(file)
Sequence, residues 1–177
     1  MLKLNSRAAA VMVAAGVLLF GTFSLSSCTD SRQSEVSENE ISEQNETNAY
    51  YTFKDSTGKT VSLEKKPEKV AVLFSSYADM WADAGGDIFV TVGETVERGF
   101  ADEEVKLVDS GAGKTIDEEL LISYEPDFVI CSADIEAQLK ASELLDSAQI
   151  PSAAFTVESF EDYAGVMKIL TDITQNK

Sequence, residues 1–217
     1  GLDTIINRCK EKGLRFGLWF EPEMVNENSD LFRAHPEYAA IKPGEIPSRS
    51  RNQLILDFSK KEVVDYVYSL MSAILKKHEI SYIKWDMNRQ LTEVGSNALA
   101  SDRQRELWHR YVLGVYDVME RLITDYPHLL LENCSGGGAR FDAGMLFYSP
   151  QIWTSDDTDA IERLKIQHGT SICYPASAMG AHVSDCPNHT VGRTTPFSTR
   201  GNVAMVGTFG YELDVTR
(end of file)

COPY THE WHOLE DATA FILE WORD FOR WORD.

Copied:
Sequence, residues 1–177
     1  MLKLNSRAAA VMVAAGVLLF GTFSLSSCTD SRQSEVSENE ISEQNETNAY
    51  YTFKDSTGKT VSLEKKPEKV AVLFSSYADM WADAGGDIFV TVGETVERGF
   101  ADEEVKLVDS GAGKTIDEEL LISYEPDFVI CSADIEAQLK ASELLDSAQI
   151  PSAAFTVESF EDYAGVMKIL TDITQNK

Sequence, residues 1–217
     1  GLDTIINRCK EKGLRFGLWF EPEMVNENSD LFRAHPEYAA IKPGEIPSRS
    51  RNQLILDFSK KEVVDYVYSL MSAILKKHEI SYIKWDMNRQ LTEVGSNALA
   101  SDRQRELWHR YVLGVYDVME RLITDYPHLL LENCSGGGAR FDAGMLFYSP
   151  QIWTSDDTDA IERLKIQHGT SICYPASAMG AHVSDCPNHT VGRTTPFSTR
   201  GNVAMVGTFG YELDVTR